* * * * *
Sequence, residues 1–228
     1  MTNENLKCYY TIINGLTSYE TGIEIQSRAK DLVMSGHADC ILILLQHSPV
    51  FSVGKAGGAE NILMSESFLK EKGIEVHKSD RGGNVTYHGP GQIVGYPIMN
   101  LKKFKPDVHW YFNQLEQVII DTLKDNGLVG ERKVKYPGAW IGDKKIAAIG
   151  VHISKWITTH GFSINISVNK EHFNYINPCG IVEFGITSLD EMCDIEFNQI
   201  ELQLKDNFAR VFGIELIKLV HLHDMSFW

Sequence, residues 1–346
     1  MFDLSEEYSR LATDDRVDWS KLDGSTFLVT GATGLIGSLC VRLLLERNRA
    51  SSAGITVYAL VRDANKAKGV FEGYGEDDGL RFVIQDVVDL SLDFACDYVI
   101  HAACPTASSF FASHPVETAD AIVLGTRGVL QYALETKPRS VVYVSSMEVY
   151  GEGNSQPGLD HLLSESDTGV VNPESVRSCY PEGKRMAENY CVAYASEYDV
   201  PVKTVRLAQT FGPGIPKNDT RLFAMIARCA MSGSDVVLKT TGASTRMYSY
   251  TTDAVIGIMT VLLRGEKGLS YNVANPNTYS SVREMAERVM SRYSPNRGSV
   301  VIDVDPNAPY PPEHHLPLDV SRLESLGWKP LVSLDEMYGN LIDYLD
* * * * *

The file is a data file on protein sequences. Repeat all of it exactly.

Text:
Sequence, residues 1–228
     1  MTNENLKCYY TIINGLTSYE TGIEIQSRAK DLVMSGHADC ILILLQHSPV
    51  FSVGKAGGAE NILMSESFLK EKGIEVHKSD RGGNVTYHGP GQIVGYPIMN
   101  LKKFKPDVHW YFNQLEQVII DTLKDNGLVG ERKVKYPGAW IGDKKIAAIG
   151  VHISKWITTH GFSINISVNK EHFNYINPCG IVEFGITSLD EMCDIEFNQI
   201  ELQLKDNFAR VFGIELIKLV HLHDMSFW

Sequence, residues 1–346
     1  MFDLSEEYSR LATDDRVDWS KLDGSTFLVT GATGLIGSLC VRLLLERNRA
    51  SSAGITVYAL VRDANKAKGV FEGYGEDDGL RFVIQDVVDL SLDFACDYVI
   101  HAACPTASSF FASHPVETAD AIVLGTRGVL QYALETKPRS VVYVSSMEVY
   151  GEGNSQPGLD HLLSESDTGV VNPESVRSCY PEGKRMAENY CVAYASEYDV
   201  PVKTVRLAQT FGPGIPKNDT RLFAMIARCA MSGSDVVLKT TGASTRMYSY
   251  TTDAVIGIMT VLLRGEKGLS YNVANPNTYS SVREMAERVM SRYSPNRGSV
   301  VIDVDPNAPY PPEHHLPLDV SRLESLGWKP LVSLDEMYGN LIDYLD